Capt. Scott Secor praises volunteers
By Jack Reaney STAFF WRITER
On Jan. 17, Gallatin County Sheriff’s Search and Rescue released their 2022 annual report, containing interactive maps showing location of rescues by month, photos and videos, safety recommendations and annual statistics.
According to the report’s introduction, mission volume increased for the fourth consecutive year, the longest streak in GCSSAR history. Total missions also increased for the second year in a row with 140, making this the most demanding year for SAR volunteers in Gallatin County history. The amount of training commitments increased for volunteers, and the report states that 2022 saw “an overall professionalization of our all-volunteer organization,” supported by new equipment and resources.
“Although winter is slow in the Gallatin Valley, West Yellowstone is slammed with snowmobiles and cross-country skiing,” the report stated. “Big Sky is our catch all area, where [rescues] stay pretty steady throughout all seasons.”
Capt. Scott Secor, who has been paid to run the entire operation since September 2020, expressed overwhelming praise for his program’s 157 volunteers.
“I don’t think words can accurately describe how much appreciation we actually have for the volunteers,” Secor told EBS. “They are the backbone of the operation. We give them the tools and logistics, but on the front side is them doing all the heavy lifting, going into the field and rescuing complete strangers.”
Secor called his volunteers the most selfless people he’s ever met—his career began in the military—and said SAR volunteers drop the fork at dinner time and leave weddings when the pager sounds. Especially for volunteers with families, he said it’s a huge sacrifice.
The report states that volunteers “dropped what they were doing to go help someone” 1,473 times in 2022.
“I’ve never seen a higher quality of individual than our volunteers,” he said, adding that he focuses on showing appreciation year-round.
“[SAR volunteers] don’t get paid, but make no mistake, we are very professional.”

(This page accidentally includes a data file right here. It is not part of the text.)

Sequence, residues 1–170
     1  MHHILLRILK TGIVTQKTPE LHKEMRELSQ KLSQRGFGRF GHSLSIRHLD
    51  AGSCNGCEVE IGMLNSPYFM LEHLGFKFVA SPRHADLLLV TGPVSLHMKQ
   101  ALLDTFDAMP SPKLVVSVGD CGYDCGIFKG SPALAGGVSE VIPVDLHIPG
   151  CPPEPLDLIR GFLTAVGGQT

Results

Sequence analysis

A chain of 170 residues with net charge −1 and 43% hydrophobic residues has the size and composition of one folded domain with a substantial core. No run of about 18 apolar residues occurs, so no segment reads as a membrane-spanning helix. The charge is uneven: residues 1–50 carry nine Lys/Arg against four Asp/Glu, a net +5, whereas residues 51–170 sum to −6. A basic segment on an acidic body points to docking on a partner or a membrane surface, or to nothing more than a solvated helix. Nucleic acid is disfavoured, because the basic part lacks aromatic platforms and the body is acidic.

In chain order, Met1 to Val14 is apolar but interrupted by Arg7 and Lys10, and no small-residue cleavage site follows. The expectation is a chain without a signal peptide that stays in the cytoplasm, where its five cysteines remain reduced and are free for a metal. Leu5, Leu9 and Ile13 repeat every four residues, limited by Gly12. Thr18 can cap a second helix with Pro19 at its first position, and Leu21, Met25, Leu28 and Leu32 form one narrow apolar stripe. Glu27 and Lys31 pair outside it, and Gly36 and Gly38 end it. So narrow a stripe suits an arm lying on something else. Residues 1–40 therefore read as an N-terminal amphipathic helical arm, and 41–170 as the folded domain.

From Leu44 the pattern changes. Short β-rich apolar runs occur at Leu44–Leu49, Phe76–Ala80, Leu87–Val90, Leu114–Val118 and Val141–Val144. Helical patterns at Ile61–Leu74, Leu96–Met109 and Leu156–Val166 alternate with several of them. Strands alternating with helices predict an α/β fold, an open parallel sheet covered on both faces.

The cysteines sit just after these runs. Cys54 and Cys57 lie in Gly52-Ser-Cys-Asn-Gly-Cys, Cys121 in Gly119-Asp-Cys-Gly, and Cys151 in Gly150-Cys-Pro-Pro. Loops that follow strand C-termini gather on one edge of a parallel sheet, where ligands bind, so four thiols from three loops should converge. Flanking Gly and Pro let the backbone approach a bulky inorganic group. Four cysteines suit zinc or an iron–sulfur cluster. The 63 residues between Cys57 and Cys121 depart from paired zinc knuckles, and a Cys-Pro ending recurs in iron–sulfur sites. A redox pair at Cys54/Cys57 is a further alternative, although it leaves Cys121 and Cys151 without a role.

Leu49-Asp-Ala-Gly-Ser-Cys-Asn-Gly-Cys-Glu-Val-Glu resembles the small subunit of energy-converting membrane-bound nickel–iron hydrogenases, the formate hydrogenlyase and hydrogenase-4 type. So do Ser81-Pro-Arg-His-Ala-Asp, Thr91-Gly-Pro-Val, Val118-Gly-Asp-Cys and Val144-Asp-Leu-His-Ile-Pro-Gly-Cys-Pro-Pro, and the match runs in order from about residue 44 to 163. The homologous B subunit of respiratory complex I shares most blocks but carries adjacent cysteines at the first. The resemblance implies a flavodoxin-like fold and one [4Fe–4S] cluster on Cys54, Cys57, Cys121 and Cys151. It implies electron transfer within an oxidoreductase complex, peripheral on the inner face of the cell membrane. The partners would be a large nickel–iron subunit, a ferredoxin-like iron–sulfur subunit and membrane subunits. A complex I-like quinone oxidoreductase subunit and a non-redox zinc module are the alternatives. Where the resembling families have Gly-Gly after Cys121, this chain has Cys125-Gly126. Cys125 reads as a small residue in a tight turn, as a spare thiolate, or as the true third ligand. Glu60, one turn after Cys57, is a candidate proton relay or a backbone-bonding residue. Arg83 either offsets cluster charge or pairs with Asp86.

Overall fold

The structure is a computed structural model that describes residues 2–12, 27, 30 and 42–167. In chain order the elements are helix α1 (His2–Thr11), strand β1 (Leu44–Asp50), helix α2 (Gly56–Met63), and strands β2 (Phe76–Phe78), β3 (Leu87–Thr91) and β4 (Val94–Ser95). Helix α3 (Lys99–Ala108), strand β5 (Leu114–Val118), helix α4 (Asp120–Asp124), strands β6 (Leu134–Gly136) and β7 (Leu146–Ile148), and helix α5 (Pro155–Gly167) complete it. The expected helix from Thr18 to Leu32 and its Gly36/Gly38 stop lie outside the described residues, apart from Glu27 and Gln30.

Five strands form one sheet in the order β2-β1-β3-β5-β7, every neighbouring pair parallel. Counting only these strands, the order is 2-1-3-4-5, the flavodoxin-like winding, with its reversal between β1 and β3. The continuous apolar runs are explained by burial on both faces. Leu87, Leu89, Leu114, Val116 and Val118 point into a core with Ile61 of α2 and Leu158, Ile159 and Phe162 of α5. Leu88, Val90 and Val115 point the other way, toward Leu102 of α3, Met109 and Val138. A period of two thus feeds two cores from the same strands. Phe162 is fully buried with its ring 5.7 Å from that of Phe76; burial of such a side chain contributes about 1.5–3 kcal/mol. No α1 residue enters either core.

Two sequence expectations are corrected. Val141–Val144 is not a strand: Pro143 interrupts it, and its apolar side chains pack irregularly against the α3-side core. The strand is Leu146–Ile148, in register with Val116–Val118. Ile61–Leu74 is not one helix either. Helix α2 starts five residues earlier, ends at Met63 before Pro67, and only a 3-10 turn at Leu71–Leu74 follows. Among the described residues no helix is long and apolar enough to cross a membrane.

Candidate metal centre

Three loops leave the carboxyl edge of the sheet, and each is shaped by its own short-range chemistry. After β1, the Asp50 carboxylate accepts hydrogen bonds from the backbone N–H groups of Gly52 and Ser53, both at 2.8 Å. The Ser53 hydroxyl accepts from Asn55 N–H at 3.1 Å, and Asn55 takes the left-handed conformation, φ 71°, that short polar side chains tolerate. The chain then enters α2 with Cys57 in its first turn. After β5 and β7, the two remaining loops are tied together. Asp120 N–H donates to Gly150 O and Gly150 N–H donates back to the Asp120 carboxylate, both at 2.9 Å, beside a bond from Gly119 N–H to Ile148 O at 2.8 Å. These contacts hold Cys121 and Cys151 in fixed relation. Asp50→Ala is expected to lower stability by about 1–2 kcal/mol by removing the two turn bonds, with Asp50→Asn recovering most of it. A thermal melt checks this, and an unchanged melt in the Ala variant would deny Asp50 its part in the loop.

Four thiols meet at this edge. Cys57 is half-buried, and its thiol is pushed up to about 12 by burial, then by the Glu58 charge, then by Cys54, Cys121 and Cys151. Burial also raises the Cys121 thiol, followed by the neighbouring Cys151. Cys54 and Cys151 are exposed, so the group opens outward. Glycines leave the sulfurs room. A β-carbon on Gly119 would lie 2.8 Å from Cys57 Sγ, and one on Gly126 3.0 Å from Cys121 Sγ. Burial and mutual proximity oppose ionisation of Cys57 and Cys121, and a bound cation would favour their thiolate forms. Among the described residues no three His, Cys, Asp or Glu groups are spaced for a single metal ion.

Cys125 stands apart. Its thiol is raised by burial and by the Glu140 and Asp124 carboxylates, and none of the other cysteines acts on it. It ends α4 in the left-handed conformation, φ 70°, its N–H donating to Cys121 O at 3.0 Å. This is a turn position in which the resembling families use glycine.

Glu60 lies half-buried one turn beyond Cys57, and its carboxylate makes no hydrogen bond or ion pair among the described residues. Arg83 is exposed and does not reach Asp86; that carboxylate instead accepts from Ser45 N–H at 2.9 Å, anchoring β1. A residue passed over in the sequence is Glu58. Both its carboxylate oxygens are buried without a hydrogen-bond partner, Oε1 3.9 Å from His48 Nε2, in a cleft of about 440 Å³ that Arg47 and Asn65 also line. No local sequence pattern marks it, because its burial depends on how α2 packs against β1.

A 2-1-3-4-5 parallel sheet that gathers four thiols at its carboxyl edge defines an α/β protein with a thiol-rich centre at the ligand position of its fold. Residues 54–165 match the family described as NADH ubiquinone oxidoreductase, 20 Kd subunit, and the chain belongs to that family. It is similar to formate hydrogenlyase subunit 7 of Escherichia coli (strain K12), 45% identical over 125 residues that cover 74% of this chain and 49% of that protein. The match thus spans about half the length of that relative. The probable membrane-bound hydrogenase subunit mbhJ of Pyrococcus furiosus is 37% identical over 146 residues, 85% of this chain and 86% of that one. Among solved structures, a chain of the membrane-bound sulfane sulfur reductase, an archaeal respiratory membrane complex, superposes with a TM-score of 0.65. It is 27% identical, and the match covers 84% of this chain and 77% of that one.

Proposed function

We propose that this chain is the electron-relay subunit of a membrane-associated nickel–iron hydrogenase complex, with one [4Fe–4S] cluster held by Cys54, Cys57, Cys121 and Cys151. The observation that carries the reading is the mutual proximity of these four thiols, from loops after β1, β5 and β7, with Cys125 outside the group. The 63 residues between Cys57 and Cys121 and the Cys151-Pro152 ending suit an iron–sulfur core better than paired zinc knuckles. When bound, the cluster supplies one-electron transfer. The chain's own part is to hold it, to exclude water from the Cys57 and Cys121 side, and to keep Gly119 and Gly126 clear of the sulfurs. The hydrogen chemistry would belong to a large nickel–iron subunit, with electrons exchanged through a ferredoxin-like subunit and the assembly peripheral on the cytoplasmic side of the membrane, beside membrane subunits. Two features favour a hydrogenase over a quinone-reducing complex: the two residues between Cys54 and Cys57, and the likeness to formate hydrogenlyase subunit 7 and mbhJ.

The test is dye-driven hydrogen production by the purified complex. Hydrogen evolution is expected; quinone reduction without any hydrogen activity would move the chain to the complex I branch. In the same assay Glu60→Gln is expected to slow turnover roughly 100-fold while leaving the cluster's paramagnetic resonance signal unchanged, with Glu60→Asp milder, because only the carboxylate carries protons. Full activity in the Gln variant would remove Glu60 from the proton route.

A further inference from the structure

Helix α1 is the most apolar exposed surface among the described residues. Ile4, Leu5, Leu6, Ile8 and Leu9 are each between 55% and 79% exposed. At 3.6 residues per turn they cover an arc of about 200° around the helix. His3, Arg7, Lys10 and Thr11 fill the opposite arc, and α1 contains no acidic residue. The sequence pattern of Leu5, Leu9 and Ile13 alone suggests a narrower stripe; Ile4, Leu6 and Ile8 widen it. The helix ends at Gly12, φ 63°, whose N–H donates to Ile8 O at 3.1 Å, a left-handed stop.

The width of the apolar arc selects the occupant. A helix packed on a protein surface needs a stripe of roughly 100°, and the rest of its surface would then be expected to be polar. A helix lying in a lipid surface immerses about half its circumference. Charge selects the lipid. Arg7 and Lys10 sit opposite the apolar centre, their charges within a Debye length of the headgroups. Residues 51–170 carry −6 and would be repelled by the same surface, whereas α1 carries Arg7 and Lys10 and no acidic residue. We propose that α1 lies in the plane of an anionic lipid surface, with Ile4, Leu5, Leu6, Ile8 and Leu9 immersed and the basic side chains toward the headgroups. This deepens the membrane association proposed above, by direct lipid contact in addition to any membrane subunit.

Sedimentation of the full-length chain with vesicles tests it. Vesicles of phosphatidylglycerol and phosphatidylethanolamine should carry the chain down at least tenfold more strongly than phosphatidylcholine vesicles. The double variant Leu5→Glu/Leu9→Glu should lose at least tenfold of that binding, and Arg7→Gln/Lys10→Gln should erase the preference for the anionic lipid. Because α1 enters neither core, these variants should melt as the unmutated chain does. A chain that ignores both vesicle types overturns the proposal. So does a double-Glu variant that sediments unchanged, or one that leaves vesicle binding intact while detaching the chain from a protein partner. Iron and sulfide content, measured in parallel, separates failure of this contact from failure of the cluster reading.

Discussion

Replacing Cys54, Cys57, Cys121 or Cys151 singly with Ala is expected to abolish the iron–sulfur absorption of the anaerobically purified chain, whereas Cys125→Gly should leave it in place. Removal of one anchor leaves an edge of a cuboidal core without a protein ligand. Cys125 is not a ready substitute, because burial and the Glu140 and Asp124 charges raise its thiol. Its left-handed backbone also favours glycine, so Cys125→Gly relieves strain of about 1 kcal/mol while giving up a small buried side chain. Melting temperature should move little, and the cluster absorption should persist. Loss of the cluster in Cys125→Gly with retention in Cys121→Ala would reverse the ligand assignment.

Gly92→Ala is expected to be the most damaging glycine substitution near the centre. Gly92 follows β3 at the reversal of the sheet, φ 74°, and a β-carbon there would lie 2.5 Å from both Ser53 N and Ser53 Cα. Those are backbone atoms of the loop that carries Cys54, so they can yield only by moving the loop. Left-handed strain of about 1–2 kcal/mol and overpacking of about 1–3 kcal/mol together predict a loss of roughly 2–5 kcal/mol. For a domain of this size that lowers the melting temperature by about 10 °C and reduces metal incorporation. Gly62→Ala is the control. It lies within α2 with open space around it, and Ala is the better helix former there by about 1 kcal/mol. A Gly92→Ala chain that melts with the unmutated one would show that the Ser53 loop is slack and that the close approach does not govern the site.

‘We rescue more locals than visitors’
Secor pointed out that many of the rescues in 2022 were not visitors from warmer states, unfamiliar with local hazards and terrain. He said it’s easy to assume an emergency is the result of poor or uninformed decisions, but the majority of missions are called on slip or fall incidences, leading to an unfortunate bad day.
“One of the things that we learned is that accidents can happen to some of the most skilled and experienced people,” he said. “The truth is we rescue more locals than visitors.”
Considering that many volunteers are not native to Gallatin County, and are compelled to explore “this perfect Mecca of backcountry space” for the same reasons as visitors, Secor said “the golden rule” is part of his team’s culture. Born in Bozeman, Secor said he doesn’t blame people for moving here, and that his team takes pride in lending a hand and teaching backcountry safety.
Regardless of who volunteers are responding to, Secor said they keep a positive outlook and empathy toward the victim on what is often their worst day.
“It’s incredibly fulfilling. It’s rewarding work, you can actually have an impact on someone’s life. We can say, ‘Today I saved someone’s life,’ quite often.”
Secor is also proud that rescues are completed free of charge.
The annual report listed two main takeaways for Gallatin County explorers:
“[First], accidents can happen to anyone, anywhere, and anytime – your preparedness for those accidents will dictate your experience in the backcountry, and [second], these volunteers and their time are invaluable. While they get to respond to beautiful locations using some fun equipment, they are often responding to someone’s worst day, possibly someone’s last day, and sometimes to a friend or teammate.
“Their dedication is strong and while ‘thank you’ will never be enough, we hope the community continues to support them, from near and far, as their calling to help runs deep and the mission is never complete,” the report states.
Secor also encouraged Gallatin County citizens to consider joining SAR.
“You get to put hands on a soul and help bring them home to their loved ones,” he said in summary of the biggest reward to volunteers.